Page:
Saudi government considering second land rehabilitation project in Riyadh

20 May 2010

The $275m Wadi Hanifa project finished in April after ten years under construction

The local Arriyadh Development Authority (ADA) is currently conducting technical studies on parcels of polluted land that could become Riyadh’s second environmental rehabilitation project at Wadi Hanifa.

ADA completed its first $275m Wadi Hanifa project in April this year, and a source at the ADA says several sites are being seriously considered for a second rehabilitation project, although no site has been officially chosen.

Wadi Hanifa is a 120-kilometre valley that cuts through the centre of Riyadh which, due to decades of unregulated waste dumping and mining, had become polluted to the point of being a health hazard.  

The first Wadi Hanifa project was finished in April. UK-based civil engineering firm Buro Happold was appointed in 2001 as the consultant on the scheme which involved building:

  • A 120-km water canal
  • Dams to regulate 500,000 cubic-metres of water flowing out of Riyadh per day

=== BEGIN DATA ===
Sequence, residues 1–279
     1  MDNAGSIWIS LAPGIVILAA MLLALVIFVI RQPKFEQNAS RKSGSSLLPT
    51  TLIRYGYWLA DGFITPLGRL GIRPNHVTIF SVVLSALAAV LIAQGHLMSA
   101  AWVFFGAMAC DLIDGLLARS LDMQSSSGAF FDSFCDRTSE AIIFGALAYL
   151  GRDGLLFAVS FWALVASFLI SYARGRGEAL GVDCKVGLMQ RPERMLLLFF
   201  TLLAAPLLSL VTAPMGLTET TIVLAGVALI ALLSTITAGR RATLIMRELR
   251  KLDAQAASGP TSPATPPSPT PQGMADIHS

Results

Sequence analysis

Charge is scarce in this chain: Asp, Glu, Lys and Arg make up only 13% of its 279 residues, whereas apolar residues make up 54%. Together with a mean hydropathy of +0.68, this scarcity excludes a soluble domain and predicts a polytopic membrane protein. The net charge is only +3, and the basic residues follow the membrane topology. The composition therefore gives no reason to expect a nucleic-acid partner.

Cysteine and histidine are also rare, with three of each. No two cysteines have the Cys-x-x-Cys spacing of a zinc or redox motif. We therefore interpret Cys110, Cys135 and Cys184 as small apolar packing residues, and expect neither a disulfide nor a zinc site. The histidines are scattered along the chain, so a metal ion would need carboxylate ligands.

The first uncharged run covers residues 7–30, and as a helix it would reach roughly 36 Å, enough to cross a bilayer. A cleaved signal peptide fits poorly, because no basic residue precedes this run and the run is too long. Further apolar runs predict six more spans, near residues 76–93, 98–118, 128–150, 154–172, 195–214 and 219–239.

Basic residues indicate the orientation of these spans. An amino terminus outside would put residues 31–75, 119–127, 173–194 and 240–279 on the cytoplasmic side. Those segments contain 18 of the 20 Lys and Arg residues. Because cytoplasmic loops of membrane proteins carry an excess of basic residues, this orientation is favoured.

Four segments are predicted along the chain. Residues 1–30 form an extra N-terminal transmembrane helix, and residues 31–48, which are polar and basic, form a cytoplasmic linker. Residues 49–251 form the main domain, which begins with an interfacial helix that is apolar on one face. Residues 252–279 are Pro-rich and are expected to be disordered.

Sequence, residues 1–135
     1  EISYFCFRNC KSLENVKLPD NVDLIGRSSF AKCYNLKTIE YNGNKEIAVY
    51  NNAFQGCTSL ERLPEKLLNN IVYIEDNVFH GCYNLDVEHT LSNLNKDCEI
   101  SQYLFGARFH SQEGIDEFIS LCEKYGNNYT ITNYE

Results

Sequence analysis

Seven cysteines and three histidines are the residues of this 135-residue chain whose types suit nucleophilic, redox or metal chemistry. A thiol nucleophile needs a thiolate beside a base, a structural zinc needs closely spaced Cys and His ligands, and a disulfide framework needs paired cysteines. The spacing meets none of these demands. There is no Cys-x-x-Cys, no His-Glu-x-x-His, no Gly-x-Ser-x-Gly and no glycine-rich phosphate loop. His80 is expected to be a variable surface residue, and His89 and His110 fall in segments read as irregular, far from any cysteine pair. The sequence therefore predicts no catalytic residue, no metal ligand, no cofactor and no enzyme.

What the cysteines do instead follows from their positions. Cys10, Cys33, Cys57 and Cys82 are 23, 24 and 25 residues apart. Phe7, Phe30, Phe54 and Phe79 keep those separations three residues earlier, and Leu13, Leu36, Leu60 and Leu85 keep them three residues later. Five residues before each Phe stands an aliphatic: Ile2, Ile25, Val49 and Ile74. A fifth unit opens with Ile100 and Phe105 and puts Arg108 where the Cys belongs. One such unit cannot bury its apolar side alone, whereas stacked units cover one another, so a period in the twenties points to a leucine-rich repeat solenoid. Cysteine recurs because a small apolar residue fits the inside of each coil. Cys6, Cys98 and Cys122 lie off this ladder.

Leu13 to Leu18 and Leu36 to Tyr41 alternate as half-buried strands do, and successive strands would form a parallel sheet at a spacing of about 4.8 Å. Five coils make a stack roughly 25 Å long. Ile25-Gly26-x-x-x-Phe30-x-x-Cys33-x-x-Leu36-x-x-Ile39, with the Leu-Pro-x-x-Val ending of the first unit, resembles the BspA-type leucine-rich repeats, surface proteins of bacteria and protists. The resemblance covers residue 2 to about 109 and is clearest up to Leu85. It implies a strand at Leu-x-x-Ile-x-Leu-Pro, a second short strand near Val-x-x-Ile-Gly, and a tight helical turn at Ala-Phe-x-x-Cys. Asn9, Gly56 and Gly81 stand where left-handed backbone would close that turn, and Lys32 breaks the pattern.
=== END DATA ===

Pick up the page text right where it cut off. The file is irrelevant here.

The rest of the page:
• 24-hour watchtower facilities to monitor land use
  • Removal of more than 2 million cubic metres of construction and non-inert waste from the wadi bed
  • Fences around public parks and protected areas
  • Models for potential development
  • A network of roads and sidewalks

The engineer was also the lead consultant on the Wadi Hanifa water purification plant, which is the largest non-chemical water treatment facility in Saudi Arabia.

Canadian-Japanese landscape architects Raymond Moriyama and Ted Teshima designed Wadi Hanifa with Buro Happold in 2001.  

At present, Riyadh consumes around 1.3 million cubic-metres of water per day, a number which is expected to increase to 3 million by 2021. The ADA aims to use the Wadi Hanifa facility to recycle up to a million cubic metres of water per day by that time.   

Local media in Saudi Arabia have suggested that the government is revitalising the wadi to capitalise on its potential for residential and commercial development. One such project that uses rehabilitated land is Ajmakan, Riyadh’s estimated $6.2bn luxury gated community (MEED 18:5:10).

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